Jobless rate down in April
The unemployment rate in April declined from a year ago as the election campaign season created jobs, but the government Thursday expressed concern over high unemployment among the young population as well as an increase in the number of underemployed citizens.
The Philippine Statistics Authority’s (PSA) April 2016 Labor Force Survey (LFS) showed that the unemployment rate went down to 6.1 percent from 6.4 percent in April last year, although higher than the 5.8 percent posted last January.
Despite a growing population as well as more and more individuals entering the labor force, the number of employed Filipinos rose to 39.9 million last April from 39.2 million a quarter ago, while the unemployed numbered 2.6 million.
In a statement, the National Economic and Development Authority (Neda) said the employment rate of 93.9 percent was “at the high-end range of previous April rounds of the LFS since 2011.”
“The high proportion of working persons to the total labor force indicates an upbeat labor market,” Neda said.
The unemployment rate was also below the full-year target of 6.6 percent, Neda noted.
Neda attributed the higher number of employed Filipinos in April partly to election-related activities that generated temporary jobs, although majority of employment in the country involved permanent positions.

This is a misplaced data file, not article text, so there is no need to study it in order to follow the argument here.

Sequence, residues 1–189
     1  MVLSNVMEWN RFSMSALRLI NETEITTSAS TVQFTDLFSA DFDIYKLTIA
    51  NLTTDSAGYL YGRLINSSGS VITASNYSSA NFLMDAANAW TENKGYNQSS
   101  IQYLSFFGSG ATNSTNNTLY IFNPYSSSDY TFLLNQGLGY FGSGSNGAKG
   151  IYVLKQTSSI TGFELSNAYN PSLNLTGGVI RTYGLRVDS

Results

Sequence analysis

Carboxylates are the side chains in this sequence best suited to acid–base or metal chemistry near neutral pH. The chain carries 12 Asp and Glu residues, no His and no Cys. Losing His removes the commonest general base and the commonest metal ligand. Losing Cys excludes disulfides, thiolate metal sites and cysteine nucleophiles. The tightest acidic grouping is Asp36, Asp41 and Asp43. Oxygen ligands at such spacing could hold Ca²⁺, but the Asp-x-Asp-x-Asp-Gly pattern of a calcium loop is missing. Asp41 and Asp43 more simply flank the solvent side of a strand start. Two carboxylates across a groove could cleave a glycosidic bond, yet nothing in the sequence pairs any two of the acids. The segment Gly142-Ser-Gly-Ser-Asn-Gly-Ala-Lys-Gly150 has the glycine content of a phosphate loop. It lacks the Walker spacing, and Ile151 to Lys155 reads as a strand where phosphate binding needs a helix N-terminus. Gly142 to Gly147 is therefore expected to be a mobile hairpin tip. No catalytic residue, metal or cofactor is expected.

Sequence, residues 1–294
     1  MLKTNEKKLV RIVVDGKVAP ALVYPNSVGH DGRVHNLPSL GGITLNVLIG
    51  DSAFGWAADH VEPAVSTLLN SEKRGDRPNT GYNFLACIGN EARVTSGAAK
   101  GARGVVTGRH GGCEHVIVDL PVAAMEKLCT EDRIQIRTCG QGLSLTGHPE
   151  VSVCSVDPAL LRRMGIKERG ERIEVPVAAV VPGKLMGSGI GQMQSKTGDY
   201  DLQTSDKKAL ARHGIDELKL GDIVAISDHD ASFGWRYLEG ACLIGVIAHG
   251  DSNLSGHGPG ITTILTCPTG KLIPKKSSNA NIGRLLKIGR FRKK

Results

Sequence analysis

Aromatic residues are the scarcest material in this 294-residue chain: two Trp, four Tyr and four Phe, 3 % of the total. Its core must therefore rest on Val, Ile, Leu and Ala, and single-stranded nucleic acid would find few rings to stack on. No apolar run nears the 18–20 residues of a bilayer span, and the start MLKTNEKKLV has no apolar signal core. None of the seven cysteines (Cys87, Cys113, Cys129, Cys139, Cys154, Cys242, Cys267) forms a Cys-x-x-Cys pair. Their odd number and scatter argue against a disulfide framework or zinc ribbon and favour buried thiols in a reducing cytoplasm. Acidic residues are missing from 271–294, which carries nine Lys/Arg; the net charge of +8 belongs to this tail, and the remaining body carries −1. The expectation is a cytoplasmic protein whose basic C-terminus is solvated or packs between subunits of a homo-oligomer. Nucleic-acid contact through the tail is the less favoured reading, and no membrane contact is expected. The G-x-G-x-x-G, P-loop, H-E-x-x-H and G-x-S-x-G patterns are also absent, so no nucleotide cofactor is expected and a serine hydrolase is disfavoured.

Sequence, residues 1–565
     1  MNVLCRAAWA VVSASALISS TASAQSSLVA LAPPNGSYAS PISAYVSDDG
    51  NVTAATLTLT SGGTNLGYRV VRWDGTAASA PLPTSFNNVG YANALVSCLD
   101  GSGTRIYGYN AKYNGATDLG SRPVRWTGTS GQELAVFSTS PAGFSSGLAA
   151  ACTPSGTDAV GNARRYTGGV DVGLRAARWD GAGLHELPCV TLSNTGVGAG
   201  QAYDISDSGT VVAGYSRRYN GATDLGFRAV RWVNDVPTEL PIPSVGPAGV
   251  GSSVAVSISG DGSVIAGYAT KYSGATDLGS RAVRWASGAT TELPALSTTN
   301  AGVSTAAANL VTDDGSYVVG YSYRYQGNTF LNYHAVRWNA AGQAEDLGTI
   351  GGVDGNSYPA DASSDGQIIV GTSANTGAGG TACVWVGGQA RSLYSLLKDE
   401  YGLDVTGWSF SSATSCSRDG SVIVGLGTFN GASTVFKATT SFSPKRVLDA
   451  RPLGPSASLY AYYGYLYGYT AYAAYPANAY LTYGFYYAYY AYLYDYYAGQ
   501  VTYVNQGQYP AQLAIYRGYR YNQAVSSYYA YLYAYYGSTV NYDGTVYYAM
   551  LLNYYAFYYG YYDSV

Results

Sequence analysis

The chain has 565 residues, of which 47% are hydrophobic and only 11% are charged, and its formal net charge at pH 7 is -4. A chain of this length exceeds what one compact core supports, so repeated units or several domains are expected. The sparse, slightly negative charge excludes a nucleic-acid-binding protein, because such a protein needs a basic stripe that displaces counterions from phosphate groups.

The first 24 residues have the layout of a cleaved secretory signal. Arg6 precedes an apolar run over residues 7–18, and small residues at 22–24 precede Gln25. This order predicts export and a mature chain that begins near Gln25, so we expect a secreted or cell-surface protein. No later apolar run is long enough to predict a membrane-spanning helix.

“Of the employed, more than three-quarters are permanently employed and just over a fifth are short-term or seasonal workers. Other indicators of quality employment, such as wage and salaried employment (24.8 million or 62.1 percent of total employed), full-time employment, and mean hours of work have shown an increasing trend, supportive of an optimistic outlook on employment,” Neda said.
“These employment numbers are a reflection of the country’s vibrant economy,” Economic Planning Secretary Emmanuel F. Esguerra said.
“If the labor market trends are maintained, the Philippine Development Plan target of 6.5-6.7 percent for unemployment rate in 2016 is likely to be achieved,” added Esguerra, who is also the Director-General of Neda.
However, Esguerra said he was alarmed over “economic inactivity of the youth.”
Unemployment among the youth, defined by the PSA as aged 15 to 24, hit 14.6 percent last April, more than double the national unemployment rate.
“Moreover, some 23.8 percent of the total young working population were neither in school nor in the labor force, implying that 4.7 million young Filipinos are underutilized as their skills are not being honed by education, training or employment,” Esguerra added.
The underemployment rate also remained high, at 18.4 percent in April, up from 17.8 percent a year ago as well as higher than the target for this year of 17 percent.